|This article does not cite any references or sources. (May 2007)|
A Kothu in a take-out box
|Alternative name(s)||Koththu roti, Kotthu|
|Place of origin||Sri Lanka|
Kothu or Koththu Roti is a Sri Lankan dish made from a Sri Lankan roti called Godhamba roti and vegetables, egg, and/or meat, and spices. Kothu can be found in almost all parts of Sri Lanka and is generally eaten for dinner. The most common varieties of kothu are beef and chicken, with egg and vegetable kothu available for vegetarians. Cheese kothu has recently been introduced and appears to be becoming a mainstay.
It is traditional to make the kothu on a heated iron sheet, used specifically for the purpose, and the cutting up and mixing of the kothu is done using two blunt metal blades. This clashing of metal on metal creates a very distinctive sound — come late evening the beat of kottu being prepared can be heard coming from any small roadside restaurant.
Kothu roti originated in Batticaloa, in the Eastern part of Sri Lanka during the early 1970s by the local Muslim and Tamil people. Etymologically the name is from the Tamil language meaning "chopped roti" (chopped wheat roti mixed with curry sauce).
The basic roti is made of Gothamba flour. The name itself is Tamil: Gothamba (a form of Kathamba-meaning a flour made out of a variety of grains-referring to the white flour, and roti). Slowly it has spread to other parts of the country as the strife continued and has now caught up and has become extremely popular. It can be found in many Sri Lankan restaurants in other countries, where there is a large Sri Lankan population.
Kothu is a food that has successfully transcended social boundaries in Sri Lanka. Kothu, which used to be a cheap, takeaway meal for lower socioeconomic classes, has now become almost a staple diet for those of upper socioeconomic classes as well, especially among the young and outgoing. It is now a common practice for nightclub and party goers in Sri Lanka to end their nights with a kothu as a midnight snack.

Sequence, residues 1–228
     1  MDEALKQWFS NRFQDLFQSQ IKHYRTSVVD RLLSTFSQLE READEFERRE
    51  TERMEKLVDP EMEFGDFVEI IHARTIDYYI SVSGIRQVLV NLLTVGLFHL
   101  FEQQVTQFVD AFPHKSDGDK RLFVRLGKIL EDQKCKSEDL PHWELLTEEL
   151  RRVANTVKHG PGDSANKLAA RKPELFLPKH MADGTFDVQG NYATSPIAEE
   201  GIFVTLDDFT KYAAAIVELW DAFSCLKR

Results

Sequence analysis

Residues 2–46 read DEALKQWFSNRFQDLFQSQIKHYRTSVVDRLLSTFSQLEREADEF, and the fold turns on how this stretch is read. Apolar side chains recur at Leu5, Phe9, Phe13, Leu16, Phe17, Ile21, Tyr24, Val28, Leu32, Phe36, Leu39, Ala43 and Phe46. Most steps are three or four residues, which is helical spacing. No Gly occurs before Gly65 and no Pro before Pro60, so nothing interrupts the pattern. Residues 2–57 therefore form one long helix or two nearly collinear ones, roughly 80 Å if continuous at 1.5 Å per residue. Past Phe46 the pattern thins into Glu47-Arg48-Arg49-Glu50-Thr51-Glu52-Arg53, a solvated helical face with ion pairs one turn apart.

As restaurateurs explore with ideas, a variety of kothu variations have become available. The main ones are where the roti is substituted for pittu or string hoppers, hence the pittu kothu and string hopper kothu.
The Wala Canteen of University of Moratuwa in Katubedda, Colombo, with a parent branch at Colombo Fort, has become over the space of over thirty years the de facto location for kothu among the more trendy Colombo crowd. As a result, a rival to Pilawoos, Hotel Hijra, has emerged almost alongside Pilawoos. The two restaurants now compete equally for customers. Clubgoers begin driving in late at night, and the crowd is such that Friday and Saturday nights see cars parked blocking the Galle road for passing traffic; these blocks sometimes require police attention. Although both restaurants are highly patronized, the hygiene of their kitchens is questionable. However, reports of food-poisoning or upset stomachs caused by these restaurants is surprisingly low, and it would seem that the kothu they serve up is generally safe, if not for the overly squeamish.
Many of the elite who frequent these two roadside restaurants in the nights would prefer not to be seen at the premises in the daytime. The questionable hygiene of the establishments only add to their popularity as a "slumming" location. However, there is no "distinct" taste associated with the kothu at any of these locations, as it is only trend that draws the upper middle class to these restaurants. Good kothu can be found at almost any small boutique that serves it anywhere in the island, and is often made at home, using godhamba roti cut with ordinary knives, and the appropriate ingredients.